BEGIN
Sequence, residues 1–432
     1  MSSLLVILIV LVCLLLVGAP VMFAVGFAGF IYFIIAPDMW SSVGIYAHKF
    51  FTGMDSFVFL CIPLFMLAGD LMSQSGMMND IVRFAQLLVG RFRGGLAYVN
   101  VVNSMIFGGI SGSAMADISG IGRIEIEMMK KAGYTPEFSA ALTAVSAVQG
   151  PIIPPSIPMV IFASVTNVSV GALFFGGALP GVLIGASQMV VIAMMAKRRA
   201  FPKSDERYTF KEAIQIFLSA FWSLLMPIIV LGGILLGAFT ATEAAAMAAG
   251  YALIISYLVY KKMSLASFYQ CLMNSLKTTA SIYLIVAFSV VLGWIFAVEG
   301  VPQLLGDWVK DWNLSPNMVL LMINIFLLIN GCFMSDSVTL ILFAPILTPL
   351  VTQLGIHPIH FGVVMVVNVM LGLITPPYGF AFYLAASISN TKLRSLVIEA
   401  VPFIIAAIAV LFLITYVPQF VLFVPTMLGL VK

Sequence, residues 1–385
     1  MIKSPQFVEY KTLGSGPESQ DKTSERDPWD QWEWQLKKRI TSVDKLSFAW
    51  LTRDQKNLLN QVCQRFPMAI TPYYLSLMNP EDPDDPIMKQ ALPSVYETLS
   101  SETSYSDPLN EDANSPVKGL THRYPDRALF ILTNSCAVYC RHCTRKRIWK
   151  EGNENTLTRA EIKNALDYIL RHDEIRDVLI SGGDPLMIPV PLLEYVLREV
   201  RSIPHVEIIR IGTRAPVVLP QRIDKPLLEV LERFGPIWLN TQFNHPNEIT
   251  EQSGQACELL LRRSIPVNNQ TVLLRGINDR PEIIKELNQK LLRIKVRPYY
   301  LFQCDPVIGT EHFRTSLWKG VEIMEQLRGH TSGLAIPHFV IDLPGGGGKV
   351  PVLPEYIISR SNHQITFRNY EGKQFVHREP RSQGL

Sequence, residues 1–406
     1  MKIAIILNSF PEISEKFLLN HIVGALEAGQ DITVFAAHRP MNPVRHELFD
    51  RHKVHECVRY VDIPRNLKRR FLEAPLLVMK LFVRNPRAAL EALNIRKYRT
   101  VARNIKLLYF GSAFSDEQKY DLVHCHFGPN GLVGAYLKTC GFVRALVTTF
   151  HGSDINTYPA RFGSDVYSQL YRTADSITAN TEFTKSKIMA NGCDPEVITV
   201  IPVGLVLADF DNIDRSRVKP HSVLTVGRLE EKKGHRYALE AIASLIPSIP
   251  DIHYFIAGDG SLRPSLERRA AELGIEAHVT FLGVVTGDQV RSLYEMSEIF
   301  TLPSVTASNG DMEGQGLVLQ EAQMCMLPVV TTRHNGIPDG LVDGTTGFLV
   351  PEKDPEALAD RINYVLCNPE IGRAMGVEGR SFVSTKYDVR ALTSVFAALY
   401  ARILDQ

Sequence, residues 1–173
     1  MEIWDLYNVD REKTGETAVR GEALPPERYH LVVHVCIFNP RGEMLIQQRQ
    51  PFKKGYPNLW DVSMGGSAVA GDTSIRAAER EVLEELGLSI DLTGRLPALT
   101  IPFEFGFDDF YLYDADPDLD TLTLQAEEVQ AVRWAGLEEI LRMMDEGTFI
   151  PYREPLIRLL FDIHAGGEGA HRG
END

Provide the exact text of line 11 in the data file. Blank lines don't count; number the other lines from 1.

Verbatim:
Sequence, residues 1–385